Despite the current “wisdom” of having all your social media strategically connected, I have chosen to keep my blog and my Twitter accounts reserved for professional activity beyond my employment. Facebook and the majority of my non-employer, web-based, email accounts are reserved for family, close personal friends, and personal business (I keep 1 web mail account for communications from social media networks).
I used Flickr photo sharing until Yahoo! decided to charge $’s for reasonable storage space while continuing to hold some of my images hostage although they did give me a couple of weeks to snatch my pictures back. Time ran out, however, so now I just keep photos on CDs and my personal desktop instead of hopping to Picasa or elsewhere.
I have a limited profile on LinkedIn but don’t bother with it much since I’m not actively seeking work. My blog is listed there along with a link to my general online CV/Resume page.
BTW, I use Bloglines for an agregator despites its flaws and down time although I think Google Reader is better and use it occasionally. My favorite browser is Chrome because it seems faster and the features suit my. All the browsers I use though crash occasionally. If I found one that didn’t, it would be top pick regardless of anything else.
Of course, we need to keep our social media and information glut in perspective – easier said than done. Check out In Defense of Distraction from NY Magazine… a long, but good read relevant to us all:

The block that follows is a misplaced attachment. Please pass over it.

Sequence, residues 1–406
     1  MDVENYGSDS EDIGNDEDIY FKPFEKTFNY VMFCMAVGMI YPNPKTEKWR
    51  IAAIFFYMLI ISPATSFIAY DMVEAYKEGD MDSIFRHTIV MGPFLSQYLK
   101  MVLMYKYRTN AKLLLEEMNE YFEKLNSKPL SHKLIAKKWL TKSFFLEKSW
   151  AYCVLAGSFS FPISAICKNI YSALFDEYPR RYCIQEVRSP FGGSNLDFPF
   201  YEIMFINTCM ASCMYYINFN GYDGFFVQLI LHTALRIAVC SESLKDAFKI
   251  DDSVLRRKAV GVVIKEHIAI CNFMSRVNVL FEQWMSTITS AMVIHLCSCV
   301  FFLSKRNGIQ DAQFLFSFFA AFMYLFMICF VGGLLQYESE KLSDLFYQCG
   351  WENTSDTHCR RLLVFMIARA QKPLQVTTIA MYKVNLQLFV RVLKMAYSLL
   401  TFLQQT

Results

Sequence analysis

“…before the founders of Google had even managed to get themselves born, the polymath economist Herbert A. Simon wrote maybe the most concise possible description of our modern struggle: ‘What information consumes is rather obvious: It consumes the attention of its recipients. Hence a wealth of information creates a poverty of attention, and a need to allocate that attention efficiently among the overabundance of information sources that might consume it.’ As beneficiaries of the greatest information boom in the history of the world, we are suffering, by Simon’s logic, a correspondingly serious poverty of attention…
It’s too late to just retreat to a quieter time. Our jobs depend on connectivity. Our pleasure-cycles—no trivial matter—are increasingly tied to it. Information rains down faster and thicker every day, and there are plenty of non-moronic reasons for it to do so. The question, now, is how successfully we can adapt…
…because attention is a limited resource—one psychologist has calculated that we can attend to only 110 bits of information per second, or 173 billion bits in an average lifetime—our moment-by-moment choice of attentional targets determines, in a very real sense, the shape of our lives…“